Media Watch

Prison Rehabilitation Through Prayer

THE ECONOMIST, Feb. 12-18 — A rigorous program of prayer, Scripture study, job training and family counseling has the prison population at a Houston area jail jumping for Jesus rather than jumping parole, the news weekly reported.

The program, called InnerChange, was founded in 1997. Since then, only 15 of the 120 prisoners who were released after going through its training have gone back to jail. For Texas as a whole, the recidivism rate is nearly 50%.

The magazine notes that “two of the main candidates in this year' s presidential race have taken up the argument for “faith-based” groups like InnerChange.

“Admirers claim that such organizations are better than the state at fighting drug addiction, illiteracy and poverty. They say that the enormous secular system built up to deal with such problems, much of it during Lyndon Johnson's Great Society, has produced 35 years of failure.”

Robert Woodson of the Washington-based National Center for Neighborhood Enterprise told The Economist: “A new Great Society can be built on the foundations of religious faith.”

Perplexed Protestant: Truth Is Up For Grabs

WASHINGTON TIMES WEEKLY EDITION, March 6-12 — Retired Episcopal Bishop John Shelby Spong of Newark, N.J., told a crowd at Washington's National Cathedral that “perhaps the whole idea of redemption needs to be rethought if Christianity is to survive in the 21st century,” the newsweekly reported.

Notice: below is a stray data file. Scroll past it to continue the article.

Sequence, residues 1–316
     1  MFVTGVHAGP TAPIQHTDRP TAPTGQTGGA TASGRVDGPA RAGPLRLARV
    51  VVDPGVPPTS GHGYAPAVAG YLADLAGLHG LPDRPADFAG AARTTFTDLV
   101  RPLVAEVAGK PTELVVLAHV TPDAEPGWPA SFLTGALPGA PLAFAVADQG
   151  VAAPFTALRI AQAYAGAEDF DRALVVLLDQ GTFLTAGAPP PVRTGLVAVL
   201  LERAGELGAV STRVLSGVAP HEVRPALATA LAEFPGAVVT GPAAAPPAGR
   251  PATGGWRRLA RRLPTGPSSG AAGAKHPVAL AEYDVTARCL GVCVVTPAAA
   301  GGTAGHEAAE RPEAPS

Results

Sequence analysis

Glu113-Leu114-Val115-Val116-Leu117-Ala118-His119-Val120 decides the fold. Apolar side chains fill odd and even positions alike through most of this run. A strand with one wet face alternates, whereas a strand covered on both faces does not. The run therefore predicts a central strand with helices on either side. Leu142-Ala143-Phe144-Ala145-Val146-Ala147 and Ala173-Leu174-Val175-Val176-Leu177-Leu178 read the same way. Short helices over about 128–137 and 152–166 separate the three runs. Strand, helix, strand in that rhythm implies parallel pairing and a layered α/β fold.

Spong, whose perplexing denial of many of the central claims of the Christian faith have made him a media celebrity, delivered his National Cathedral talk to cap off a 17-city book tour for his just-released autobiography, Here I Stand.

Dissenting from Spong's lecture was evangelical Methodist scholar William J. Abraham.

“The breakup of modern Protestantism is in the cards and the trip-wire is sex,” Abraham said, referring to the rise of homosexual rights and the dissolution of marriage in the West.

Early Show Provides Platform for Catholic Bashing

THE CATHOLIC LEAGUE, March 8 — CBS’ Early Show, hosted by Jane Clayson and Bryant Gumbel, became a platform for mocking Catholic Lenten discipline on the eve of Ash Wednesday, the Catholic League reported.

During the course of a conversation between the show's hosts and meteorologist Mark McEwen, Clayson and Gumbel admitted they were raised Catholic but were no longer practicing. “I was born Catholic and I got a problem with it,” McEwen said.

On an earlier show, on Jan. 31, co-host Julie Chen joined McEwen in jokes about Catholic guilt, nuns “ready to take you out,” “being scarred for life,” saying Hail Mary's, etc.

Said Catholic League president William Donohue, “besides showing their ignorance, Gumbel, Clayson, Chen and McEwen display a troubling double standard: they are ever so careful how they talk about other segments of society.”